James Weir, Sr. was born 1683, the son of Rev. John Weir. Their son, Thomas Weir, Sr. was born 1807. Thomas Weir had four children, one being Thomas Weir II. Thomas came to Greenville, South Carolina in 1795 from Ireland. A son of Thomas Weir II was Samuel Weir, an early resident of Greene County.
Jane Means married Samuel Weir on Sept. 26, 1832 in Greene County. They were parents of six children, all born in Greene County. Samuel Weir died between 1847 and 1850 in Miss. Jane returned to Ala and died Oct. 26, 1885 in Greene County. The children were:
Mary Elizabeth Weir (Lizzie), born Dec. 10, 1834 and married William F. Akin. They are buried in Beaver Dam Presbyterian Cemetery near Gordo.
Samuel Constantine Weir, born March 4, 1837 and died as a child and buried in Pleasant Ridge.
William Hamilton Weir, born April 22, 1839.
Margaret Jane Weir, born April 17, 1841.
James Leroy Weir, born Feb. 12, 1844.
Eliza Jane Weir, born Sept. 13, 1846. Married John Fletcher Maughan on January 23, 1868. They had one daughter. Mother and daughter died at childbirth less than one year after Eliza married.
Many family members attended Pleasant Ridge Baptist Church that closed 1870. Some family members attended Unity Baptist and Bethesda Presbyterian in Pickens County.
The following letters were written to Margaret Amanda Wilson, a beloved Weir relative who had moved away from Greene County to Saltillo, Miss. The first letter is from John Fletcher Maughan within weeks after the death of his wife, Eliza Jane, and young daughter. (Letters copied as written.)
October 6, 1868
My dear and well beloved Aunty Wilson: I received your most kind and welcome letter a few days past and was truly glad to hear from you and family once more, for I felt just like I was one of your connection that was looked over and not much cared for.
You wanted to know if I had got all the letters that had been sent to me, I certainly have not, they are on the way some where I reakon, they have never reached here yet.
Aunt I was truly glad to hear of your fine protracted meeting out there, I have been to several protracted meetings out here, but could not stay long enough at none of them to do me much good. There has not been any protracted meetings on the ridge this fall, or I don't hear of it.
Aunt, our crop is short every way this year we have out 2 bales of cotton, we sold one two weeks past at 27 1/2 cents and I expect we will keep the rest of our cotton until spring, if we can't get 30 cents for it, for we are making so little that we will be brought down this year to a perfect picture shape. I can't think of working this old poor place next year, I will be moving again Christmas, and I tell you aunt, I won't move many more times, I intend to have me a place of my own, if it is a poor one and it will keep me from moving so much.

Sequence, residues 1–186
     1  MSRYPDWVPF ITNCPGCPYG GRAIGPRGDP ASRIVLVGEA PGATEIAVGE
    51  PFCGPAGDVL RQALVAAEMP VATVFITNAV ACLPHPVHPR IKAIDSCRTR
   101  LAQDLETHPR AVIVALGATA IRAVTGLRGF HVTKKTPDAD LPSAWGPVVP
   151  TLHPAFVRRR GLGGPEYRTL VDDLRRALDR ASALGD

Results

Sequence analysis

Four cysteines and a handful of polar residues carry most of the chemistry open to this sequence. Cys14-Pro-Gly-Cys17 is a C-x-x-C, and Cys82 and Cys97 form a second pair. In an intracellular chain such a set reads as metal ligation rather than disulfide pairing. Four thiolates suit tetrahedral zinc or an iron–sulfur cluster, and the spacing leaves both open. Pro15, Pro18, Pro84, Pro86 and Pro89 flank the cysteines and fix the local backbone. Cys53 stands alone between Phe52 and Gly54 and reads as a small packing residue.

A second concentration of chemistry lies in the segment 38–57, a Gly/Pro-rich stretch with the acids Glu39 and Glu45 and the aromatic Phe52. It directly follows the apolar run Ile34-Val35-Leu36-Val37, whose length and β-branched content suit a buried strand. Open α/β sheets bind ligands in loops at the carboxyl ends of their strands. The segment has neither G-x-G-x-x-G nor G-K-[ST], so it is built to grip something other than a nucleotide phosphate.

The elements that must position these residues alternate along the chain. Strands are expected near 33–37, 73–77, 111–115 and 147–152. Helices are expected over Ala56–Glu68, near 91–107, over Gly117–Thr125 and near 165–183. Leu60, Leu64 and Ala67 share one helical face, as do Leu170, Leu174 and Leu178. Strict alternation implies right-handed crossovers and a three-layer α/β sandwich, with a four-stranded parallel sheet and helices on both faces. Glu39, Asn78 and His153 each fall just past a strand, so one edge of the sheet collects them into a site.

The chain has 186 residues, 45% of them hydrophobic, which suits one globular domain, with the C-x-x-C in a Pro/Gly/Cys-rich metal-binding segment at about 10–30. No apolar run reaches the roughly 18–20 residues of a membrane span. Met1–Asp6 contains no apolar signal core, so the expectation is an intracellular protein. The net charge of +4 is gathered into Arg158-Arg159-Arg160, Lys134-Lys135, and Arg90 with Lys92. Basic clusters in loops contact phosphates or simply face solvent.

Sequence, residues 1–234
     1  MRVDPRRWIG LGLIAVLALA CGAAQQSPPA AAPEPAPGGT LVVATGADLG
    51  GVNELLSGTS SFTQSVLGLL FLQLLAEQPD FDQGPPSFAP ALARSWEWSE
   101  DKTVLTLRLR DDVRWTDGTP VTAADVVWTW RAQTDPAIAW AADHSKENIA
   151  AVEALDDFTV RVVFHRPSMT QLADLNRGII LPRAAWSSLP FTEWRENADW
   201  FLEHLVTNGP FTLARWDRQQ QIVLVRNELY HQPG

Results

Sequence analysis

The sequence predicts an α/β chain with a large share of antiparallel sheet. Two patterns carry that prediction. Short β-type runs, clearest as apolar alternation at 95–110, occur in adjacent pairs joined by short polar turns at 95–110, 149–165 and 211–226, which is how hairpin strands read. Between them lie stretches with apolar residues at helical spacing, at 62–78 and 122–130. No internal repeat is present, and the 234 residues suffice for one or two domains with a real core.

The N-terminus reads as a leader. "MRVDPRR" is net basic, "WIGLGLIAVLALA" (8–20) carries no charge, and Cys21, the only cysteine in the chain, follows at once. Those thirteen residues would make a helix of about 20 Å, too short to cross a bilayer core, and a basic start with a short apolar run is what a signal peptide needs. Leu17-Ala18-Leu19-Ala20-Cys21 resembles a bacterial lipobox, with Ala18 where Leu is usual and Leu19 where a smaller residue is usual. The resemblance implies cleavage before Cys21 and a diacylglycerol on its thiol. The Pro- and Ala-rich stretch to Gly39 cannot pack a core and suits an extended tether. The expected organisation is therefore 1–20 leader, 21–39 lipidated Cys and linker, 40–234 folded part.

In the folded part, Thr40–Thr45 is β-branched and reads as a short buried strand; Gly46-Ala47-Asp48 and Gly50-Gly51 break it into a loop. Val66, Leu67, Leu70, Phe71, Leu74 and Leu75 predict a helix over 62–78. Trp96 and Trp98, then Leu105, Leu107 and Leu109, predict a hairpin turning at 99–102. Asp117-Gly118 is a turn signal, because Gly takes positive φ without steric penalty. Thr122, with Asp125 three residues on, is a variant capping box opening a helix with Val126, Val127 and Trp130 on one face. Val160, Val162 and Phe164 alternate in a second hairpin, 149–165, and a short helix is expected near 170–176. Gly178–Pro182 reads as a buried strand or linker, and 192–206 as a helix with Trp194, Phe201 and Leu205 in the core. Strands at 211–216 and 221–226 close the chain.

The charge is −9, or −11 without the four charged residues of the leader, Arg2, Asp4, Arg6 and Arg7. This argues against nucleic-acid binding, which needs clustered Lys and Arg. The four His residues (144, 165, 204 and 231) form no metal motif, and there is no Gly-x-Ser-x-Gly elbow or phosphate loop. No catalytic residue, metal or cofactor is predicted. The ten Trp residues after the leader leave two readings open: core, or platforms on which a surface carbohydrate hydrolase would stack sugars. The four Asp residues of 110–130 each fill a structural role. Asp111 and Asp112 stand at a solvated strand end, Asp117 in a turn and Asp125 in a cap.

Ma says tell you that she has just got out 3 counterpins, out of the loom, this morning and will put a blanket in the loom tomorrow, she sends her best respects to you and family, also sister Kitty, she is going to change her name in a few weeks.
Aunt you give Cousin Eliza my love and tell her that I am much disappointed in my aim, but she must not forget me entirely and to write to me, as ever she has done. Give my love to Cousin Amelia and the rest of the family and all of you must write to me as usual, for I assure you that I will answer your letters.
Aunt I hope you will remember me in your devotions.
From your devoted friend,
John F. Maughan
I hope you all remember me. If you on earth no more I see, an interest in your prayer I crave, that we may meet beyond the grave. Farewell, dear aunt and family
John F. Maughan did move once more, to Pickens Co. where he married Cynthia Melvina Peach, the daughter of John and Tamzy Caroline Gaskin Peach, on November 2, 1869 and bought his own farm. He died August 8, 1902 and is buried at Bethesda Cemetery in Benevola.
October 1, 1886